Thresher: A Deep Sea Thriller by Michael Cole (2018)

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Leonard Riker is the big city cop who has recently transferred to a small coastal town with a chip on his shoulder and raging alcoholism. Allison Metzler is the rookie cop with political connections and a heart of gold. These two must put aside their differences to save the coastal community and its influx of tourists from a giant thresher shark.

I struggled with Thresher for the first two thirds of it and contemplated on more than one occasion putting it down, never to be attempted again. During this, the two main characters were unlikeable for different reasons, the plot moved slowly and the writing slowed it down further with repetitive information, telling rather than showing and convoluted sentences.

Things did improve as the end drew near but it was too little too late and, while many of the flaws from earlier in the novel abated, there was still far too much telling rather than showing. Even down to the fact that we are given detailed accounts of the shark’s thoughts. Most of which could be summed up into “this is a threat or food, I’ma go bite it”. There’s something to be learned from how little of the shark we see in Jaws that should be applied to books like Thresher.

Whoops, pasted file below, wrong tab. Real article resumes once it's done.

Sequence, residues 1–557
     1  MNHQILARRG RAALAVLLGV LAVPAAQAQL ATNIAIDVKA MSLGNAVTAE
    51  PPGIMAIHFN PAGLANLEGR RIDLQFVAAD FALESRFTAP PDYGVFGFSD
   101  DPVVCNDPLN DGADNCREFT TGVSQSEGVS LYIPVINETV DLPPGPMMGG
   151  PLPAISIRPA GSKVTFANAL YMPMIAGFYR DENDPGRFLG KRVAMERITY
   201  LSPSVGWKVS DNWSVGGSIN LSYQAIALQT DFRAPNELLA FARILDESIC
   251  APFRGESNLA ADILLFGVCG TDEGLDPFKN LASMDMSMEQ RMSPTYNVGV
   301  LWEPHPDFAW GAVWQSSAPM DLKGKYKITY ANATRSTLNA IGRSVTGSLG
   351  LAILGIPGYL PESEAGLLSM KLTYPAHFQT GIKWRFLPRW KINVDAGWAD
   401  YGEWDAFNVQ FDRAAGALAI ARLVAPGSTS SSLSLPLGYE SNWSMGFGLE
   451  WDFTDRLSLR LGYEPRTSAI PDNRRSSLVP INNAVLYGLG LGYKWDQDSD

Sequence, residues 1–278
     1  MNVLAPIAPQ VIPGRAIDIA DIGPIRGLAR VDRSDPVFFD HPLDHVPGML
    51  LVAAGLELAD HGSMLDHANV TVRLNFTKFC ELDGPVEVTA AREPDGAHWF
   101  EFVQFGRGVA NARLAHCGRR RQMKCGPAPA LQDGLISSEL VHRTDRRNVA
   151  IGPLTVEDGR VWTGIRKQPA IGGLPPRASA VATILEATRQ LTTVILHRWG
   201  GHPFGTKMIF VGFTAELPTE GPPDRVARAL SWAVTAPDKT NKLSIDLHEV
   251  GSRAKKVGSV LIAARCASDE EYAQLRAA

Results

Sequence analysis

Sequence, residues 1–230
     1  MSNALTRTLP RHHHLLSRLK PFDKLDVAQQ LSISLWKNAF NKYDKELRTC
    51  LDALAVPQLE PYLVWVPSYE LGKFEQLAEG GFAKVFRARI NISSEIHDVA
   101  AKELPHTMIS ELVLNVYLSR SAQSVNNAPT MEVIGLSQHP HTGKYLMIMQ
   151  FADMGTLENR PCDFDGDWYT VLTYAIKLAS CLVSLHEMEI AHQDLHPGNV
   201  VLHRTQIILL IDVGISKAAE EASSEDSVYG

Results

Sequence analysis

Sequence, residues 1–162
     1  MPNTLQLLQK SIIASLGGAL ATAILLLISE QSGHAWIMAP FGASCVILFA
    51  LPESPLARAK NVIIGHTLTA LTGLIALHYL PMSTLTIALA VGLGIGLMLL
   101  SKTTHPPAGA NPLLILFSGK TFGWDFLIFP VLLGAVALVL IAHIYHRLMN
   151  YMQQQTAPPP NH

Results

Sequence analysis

I’m all for flawed characters, but it’s difficult to find anything likeable or sympathetic about a character who is made out to be a cruel, drunken bully no matter how much their tragic past is then shoved down your throat. While that character may then redeem themselves later, the reader is still left with distaste over the way they have acted. That was my experience with Thresher’s leading male.

If a monster novel is going to be a written version of a b-grade monster movie and lack technical strength, it should be outlandish and ridiculously enjoyable. Unfortunately, Thresher didn’t pull this off either and seemed to take itself far too seriously for the end result.

With some tighter editing and steadier character development, Thresher could have been an enjoyable shark thriller with a new take on the genre. As it stands though, the pace is more whale shark than thresher shark and lacks bite just as much.



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